Sir Martin Sorrell defends leaders’ pay rises

Sir Martin Sorrell has an impressive if sometimes controversial business career. His robust defense of his 70% pay rise captures his leadership style

Harvard educated Sir Martin Sorrell has been a candidate for a LWD leadership post for some while. He appeared on the radar screen again, as I caught the end of a BBC interview in which he justifies his most recent earnings rise of 70% last year.

His broadcast performance was consistent with that of an earlier interview [2009], suggesting a leader who was both tough and successful.

Sir Martin Sorrell is the chief executive of WPP, the company he founded in 1986, which is now the world’s largest group of advertising, marketing and communications companies. Widely regarded as one of the most important figures in his field, he recently joined Evan Davis on Radio 4’s business discussion programme The Bottom Line. He shared his vision about the future of advertising, the benefits of scale, why tough love means you sometimes have to bite the bullet and reduce your headcount, and how long the present financial crisis may last.

His 2009 predictions turned out to be rather refuted by events. However, that is largely true for other distinguished leaders in these turbulent times. There is an interesting parallel in his admiration of Rupert Murdoch with the comments made later by Tony Blair in his memoires. These endorsements of the tycoon’s achievements help us avoid the ‘hero to zero’ mentality which can be found in much of popular leadership narratives.

Furthermore, most pundits did not get close to anticipating the aftershocks of the credit crunch emerging in 2008.

Rupert understands…

Somebody like Rupert Murdoch understands that he’s not just in the TV business or the film business. He understands he’s in the communications business. Rather like Theodore Levitt used to talk about the buggy whip industry. They’re not in the horse and buggy industry. They’re in the transport industry. And when the railroads came in, they were threatened; but if you thought about it as being the transport industry, you won.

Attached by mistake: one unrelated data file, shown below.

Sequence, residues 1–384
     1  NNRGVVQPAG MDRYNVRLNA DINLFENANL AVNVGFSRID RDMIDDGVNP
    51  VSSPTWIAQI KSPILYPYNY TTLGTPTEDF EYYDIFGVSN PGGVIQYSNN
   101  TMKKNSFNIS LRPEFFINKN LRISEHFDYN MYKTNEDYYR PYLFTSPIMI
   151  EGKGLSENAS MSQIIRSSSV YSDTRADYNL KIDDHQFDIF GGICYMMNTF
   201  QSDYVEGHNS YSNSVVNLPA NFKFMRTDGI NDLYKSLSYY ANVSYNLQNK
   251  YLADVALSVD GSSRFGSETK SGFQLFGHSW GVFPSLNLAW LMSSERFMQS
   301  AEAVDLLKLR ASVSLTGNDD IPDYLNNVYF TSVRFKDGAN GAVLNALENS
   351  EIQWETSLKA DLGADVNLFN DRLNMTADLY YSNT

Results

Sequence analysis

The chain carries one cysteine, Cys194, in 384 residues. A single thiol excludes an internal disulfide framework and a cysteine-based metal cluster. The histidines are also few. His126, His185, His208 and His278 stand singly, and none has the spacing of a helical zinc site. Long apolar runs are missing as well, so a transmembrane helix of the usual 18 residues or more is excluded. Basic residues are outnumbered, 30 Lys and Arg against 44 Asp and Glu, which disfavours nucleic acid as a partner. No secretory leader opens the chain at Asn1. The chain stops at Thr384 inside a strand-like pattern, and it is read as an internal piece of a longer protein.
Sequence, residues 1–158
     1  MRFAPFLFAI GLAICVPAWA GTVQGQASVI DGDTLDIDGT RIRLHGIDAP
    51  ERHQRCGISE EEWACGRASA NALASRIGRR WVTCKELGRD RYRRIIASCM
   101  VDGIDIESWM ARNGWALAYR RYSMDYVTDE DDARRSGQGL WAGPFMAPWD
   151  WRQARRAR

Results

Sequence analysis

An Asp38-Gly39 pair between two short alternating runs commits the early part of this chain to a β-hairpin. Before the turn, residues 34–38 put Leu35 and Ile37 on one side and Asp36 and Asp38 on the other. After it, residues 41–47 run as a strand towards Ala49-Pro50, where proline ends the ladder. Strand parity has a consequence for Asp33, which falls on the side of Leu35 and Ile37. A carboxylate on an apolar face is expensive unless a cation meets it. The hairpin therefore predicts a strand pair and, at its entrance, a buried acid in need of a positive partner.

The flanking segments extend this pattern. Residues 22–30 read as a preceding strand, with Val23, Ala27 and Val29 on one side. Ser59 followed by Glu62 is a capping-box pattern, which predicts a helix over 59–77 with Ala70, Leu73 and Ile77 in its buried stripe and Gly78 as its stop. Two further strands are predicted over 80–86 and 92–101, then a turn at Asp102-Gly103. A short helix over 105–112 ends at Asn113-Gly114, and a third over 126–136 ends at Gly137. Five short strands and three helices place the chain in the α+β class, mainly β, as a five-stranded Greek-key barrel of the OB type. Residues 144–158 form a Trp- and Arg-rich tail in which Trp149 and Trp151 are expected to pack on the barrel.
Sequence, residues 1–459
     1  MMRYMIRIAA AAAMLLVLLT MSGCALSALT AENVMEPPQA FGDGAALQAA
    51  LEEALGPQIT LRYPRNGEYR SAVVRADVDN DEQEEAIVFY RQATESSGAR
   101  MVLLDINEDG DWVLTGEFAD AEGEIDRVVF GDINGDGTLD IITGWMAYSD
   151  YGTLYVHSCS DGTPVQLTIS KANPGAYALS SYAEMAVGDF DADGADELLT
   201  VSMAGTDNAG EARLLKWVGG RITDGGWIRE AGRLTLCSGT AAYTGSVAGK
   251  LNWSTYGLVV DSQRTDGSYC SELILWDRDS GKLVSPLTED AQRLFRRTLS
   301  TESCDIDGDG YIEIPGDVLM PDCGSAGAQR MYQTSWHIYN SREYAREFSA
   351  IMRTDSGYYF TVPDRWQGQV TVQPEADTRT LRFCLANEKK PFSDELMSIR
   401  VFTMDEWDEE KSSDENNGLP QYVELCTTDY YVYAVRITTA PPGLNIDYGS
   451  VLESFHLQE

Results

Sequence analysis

Rupert understands that. He’s in film, he’s in TV, he’s in outdoor sites in Russia. He’s spread his empire around the world.

“A recovery of sorts”

“The first half of 2009 will be very tough – I think the second half of 2009 will get relatively better. Relative to the first half.
And I think in 2010 we will get a recovery – what we called in a recent statement a recovery of sorts “.

Tough love

Sir Martin’s career has been hugely successful and his success has been rewarded with honours and wealth. He takes risks and cuts his losses when they occur. In the interview he also talked about ‘tough love’ and the benefits of ‘letting people go’ however painful the decision. (Although he didn’t seem too pained, it seemed to me).

The Daily Mail, a popularist tabloid newspaper, was unconvinced about Sir Martin’s case. In an article hostile to his lifestyle The Mail noted:

My pay is very low, moans advertising tycoon with a basic salary of £1 MILLION a year